Congenital hip dysplasia treatment includes soft braces such as a Pavlik harness that holds the ball of the joint securely in its socket for a few months. This treatment moulds the socket to the shape of the ball and is ideal for babies less than six months old.
For babies older than six months old, your doctor may use a full-body cast that holds the bone into its proper position for several months.
Treatment options for adolescents and adults
Hip preservation surgery
The primary goal of doctors is to preserve your hip for as long as possible or opt for a minimally invasive procedure. Periacetabular Osteotomy (PAO) is a surgical procedure performed by your doctor in which the bone is cut around the hip socket to correct the condition.
Periacetabular is a medical term that means “around the hip socket,” and osteotomy refers to a procedure in which the bone is cut. PAO is ideal for patients whose hips haven’t yet become arthritic.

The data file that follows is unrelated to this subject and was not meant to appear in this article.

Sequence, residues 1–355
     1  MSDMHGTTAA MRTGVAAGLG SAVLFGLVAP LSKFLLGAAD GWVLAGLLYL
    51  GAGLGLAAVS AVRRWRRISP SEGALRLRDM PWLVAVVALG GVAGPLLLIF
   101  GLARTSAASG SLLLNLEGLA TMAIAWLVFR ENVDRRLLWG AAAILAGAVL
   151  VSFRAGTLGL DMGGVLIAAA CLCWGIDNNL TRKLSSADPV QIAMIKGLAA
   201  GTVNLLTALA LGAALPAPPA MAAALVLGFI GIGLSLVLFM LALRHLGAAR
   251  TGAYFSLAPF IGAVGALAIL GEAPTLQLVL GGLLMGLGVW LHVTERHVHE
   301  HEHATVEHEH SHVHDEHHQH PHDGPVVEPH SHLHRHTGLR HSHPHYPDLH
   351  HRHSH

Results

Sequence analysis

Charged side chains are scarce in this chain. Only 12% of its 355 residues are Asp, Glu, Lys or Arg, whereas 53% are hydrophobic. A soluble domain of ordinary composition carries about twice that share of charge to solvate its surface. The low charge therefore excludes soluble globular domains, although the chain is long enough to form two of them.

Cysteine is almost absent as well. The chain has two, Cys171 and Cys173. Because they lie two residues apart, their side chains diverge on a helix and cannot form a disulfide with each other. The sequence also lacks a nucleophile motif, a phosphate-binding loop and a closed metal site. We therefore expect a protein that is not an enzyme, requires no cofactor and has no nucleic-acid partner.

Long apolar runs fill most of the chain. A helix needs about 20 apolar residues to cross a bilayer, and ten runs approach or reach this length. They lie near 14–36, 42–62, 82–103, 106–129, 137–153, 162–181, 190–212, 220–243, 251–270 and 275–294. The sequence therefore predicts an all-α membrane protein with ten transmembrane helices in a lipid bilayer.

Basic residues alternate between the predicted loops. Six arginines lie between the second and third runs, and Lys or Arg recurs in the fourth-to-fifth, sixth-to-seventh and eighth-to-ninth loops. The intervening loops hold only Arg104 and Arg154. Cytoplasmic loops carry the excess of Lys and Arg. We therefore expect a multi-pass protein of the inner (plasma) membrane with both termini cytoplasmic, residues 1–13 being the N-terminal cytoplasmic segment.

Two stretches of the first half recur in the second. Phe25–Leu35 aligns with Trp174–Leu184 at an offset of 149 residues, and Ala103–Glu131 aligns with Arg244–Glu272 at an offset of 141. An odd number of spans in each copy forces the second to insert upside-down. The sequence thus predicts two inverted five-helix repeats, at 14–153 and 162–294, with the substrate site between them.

Hip replacement surgery
If the condition is detected later in life and osteoarthritis has already established your doctor may suggest a total hip replacement surgery. It is also referred to as “arthroplasty” and uses simulated parts to replace the damaged joint.
Mild hip dysplasia with mild symptoms or where the hip is too damaged for surgery, your doctor may go for non-operative treatments. These are best suited to reduce hip dysplasia pain and manage your daily life. Your doctor’s advice shall include:
- Losing weight
- Low impact exercises which improve flexibility
- Physiotherapy sessions for hip pain relief
Hip dysplasia is a progressive condition that worsens with time. For this reason, early diagnosis and considering different treatment options play an important role. Surgery is usually the most preferred method to treat hip dysplasia in teenagers and adults.
Most people go on to live healthy lives after treatment without hip dysplasia pain. You may require rest for six weeks to three months after surgery before you can resume regular activities. However, it is vital to visit your doctor regularly to keep a check on the hip joint and to see that the condition doesn’t return.